Love the look of your blog banner and I can tell the topics you cover will be of interest to me.

      As for your point about offering kids food other than chicken nuggets & pink milk: Well said!

  11. Monica Says:

    There’s another reason why eating off campus is more appealing than school food. In fact, why eating a bagged lunch, or skipping lunch, or buying chips from the vending machine is more appealing, for that matter.

    Eating is a social activity for humans. When I was in school, I believe lunch was 35 minutes long. Had I opted to buy my lunch in the cafeteria, it would have meant waiting in line — usually in a crowded, noisy, concrete-and-metal, sheltered outdoor area — for about 10 of those 35 minutes. The line is not set up to foster social activity; in a fast-food restaurant, you can stand next to each other and talk while in line, without railings keeping you in single file.

    There are a lot of possible ways to address this problem. Making lunch time longer might help. Changing the physical setup of the service area might help. Making things more efficient might help. But if the goal is to get kids to choose school lunches ahead of more convenient and social options, you’ve got to meet them where they are.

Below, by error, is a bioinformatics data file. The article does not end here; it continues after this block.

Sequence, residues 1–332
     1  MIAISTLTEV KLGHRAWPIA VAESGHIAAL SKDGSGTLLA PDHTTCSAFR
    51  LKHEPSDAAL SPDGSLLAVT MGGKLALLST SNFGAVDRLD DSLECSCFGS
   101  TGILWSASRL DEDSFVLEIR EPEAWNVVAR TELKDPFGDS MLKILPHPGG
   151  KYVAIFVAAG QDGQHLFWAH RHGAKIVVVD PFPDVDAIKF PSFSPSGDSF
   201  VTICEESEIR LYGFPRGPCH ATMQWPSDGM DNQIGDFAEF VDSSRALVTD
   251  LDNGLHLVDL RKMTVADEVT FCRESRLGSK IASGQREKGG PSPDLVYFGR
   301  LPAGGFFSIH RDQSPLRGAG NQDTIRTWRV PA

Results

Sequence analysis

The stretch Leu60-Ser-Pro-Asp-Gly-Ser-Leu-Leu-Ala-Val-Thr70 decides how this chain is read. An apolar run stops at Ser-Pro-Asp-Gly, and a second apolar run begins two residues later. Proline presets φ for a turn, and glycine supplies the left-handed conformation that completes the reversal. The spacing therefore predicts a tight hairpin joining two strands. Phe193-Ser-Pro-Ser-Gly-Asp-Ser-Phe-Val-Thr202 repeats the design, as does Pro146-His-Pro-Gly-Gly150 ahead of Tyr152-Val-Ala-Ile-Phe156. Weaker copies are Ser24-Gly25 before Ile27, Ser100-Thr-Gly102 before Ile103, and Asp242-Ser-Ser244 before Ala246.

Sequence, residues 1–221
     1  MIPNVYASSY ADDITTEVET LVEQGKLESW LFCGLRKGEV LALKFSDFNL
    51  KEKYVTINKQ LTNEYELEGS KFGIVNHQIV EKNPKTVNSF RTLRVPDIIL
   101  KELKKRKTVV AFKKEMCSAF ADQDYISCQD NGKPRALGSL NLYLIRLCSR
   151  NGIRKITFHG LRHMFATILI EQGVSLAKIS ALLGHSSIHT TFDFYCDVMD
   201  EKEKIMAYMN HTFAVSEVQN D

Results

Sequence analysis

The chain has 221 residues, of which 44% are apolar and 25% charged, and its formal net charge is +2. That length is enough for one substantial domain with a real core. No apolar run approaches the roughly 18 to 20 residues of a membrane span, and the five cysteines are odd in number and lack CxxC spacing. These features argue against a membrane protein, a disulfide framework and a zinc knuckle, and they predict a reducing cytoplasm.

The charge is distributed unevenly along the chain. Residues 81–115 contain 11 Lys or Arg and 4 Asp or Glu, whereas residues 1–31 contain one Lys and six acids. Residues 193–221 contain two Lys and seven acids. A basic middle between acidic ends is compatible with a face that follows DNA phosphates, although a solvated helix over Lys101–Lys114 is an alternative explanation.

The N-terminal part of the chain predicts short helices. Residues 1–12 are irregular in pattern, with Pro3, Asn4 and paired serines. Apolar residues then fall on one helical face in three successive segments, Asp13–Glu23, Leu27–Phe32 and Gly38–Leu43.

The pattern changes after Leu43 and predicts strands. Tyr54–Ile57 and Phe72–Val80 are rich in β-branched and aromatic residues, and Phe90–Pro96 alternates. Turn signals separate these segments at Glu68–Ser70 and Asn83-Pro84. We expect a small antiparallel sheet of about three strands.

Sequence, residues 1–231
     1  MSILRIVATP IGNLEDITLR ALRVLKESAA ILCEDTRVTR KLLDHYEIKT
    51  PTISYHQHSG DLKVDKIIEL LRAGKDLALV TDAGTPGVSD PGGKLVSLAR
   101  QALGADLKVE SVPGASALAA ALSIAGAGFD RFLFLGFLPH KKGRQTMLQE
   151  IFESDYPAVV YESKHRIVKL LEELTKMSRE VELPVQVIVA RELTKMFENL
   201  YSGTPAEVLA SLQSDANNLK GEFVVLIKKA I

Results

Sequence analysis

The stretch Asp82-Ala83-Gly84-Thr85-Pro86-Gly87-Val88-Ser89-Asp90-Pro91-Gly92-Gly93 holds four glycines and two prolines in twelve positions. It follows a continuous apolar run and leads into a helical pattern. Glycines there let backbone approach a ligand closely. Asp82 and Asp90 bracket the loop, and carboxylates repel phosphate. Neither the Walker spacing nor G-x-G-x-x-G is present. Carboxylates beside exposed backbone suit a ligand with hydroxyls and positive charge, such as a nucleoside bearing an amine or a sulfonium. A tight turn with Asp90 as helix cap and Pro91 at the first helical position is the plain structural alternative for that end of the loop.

• Sarah Henry Says:

      Welcome Monica, and thanks for articulating a major impediment to kids eating school lunch. I have an elementary age son who eats his home lunch when he gets home at 2:30 — he’s in too much of a hurry to get outside to play to focus on food while at school.

      And just the other day he mentioned how bummed his buddies were who waited in line for 20 minutes (an eternity at that age) for lunch only to hear that it had run out and they’d need to wait another 10 minutes.

      What did they do? Ran outside to play, of course.

  12. Jesaka Long Says:

    I’m not a mom but I still strongly support school lunch reform. I have five young nieces and nephews who eat at school. They should have access to healthy, wholesome, quality food. Thanks so much for sharing this and making it a topic of discussion!

  13. Sheryl Kraft Says:

    I hope this happens. My kids are out of school, but for all the future kids, it’s so important that they learn – early – not only how to make healthy choices but that they actually have healthy choices offered. Although it will cost a lot to implement, just think of all the health care savings there would be from less obese and more healthy kids.

    • Sarah Henry Says:

      Well said, Sheryl. It’s either money up front for decent food or money later in health care expenses related to dietary diseases.